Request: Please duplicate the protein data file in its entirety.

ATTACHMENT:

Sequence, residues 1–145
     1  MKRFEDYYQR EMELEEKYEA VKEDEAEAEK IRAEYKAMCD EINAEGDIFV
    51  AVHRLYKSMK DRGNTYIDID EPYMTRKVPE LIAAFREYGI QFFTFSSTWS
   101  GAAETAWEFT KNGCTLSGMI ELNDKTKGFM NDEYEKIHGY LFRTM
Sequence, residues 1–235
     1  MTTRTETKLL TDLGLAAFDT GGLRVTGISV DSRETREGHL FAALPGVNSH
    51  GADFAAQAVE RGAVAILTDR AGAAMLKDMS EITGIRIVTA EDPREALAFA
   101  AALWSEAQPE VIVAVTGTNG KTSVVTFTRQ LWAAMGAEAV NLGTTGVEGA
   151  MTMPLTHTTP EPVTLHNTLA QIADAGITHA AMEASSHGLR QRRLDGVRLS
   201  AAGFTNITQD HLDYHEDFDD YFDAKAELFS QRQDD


Sequence, residues 1–145
     1  MKRFEDYYQR EMELEEKYEA VKEDEAEAEK IRAEYKAMCD EINAEGDIFV
    51  AVHRLYKSMK DRGNTYIDID EPYMTRKVPE LIAAFREYGI QFFTFSSTWS
   101  GAAETAWEFT KNGCTLSGMI ELNDKTKGFM NDEYEKIHGY LFRTM
Sequence, residues 1–235
     1  MTTRTETKLL TDLGLAAFDT GGLRVTGISV DSRETREGHL FAALPGVNSH
    51  GADFAAQAVE RGAVAILTDR AGAAMLKDMS EITGIRIVTA EDPREALAFA
   101  AALWSEAQPE VIVAVTGTNG KTSVVTFTRQ LWAAMGAEAV NLGTTGVEGA
   151  MTMPLTHTTP EPVTLHNTLA QIADAGITHA AMEASSHGLR QRRLDGVRLS
   201  AAGFTNITQD HLDYHEDFDD YFDAKAELFS QRQDD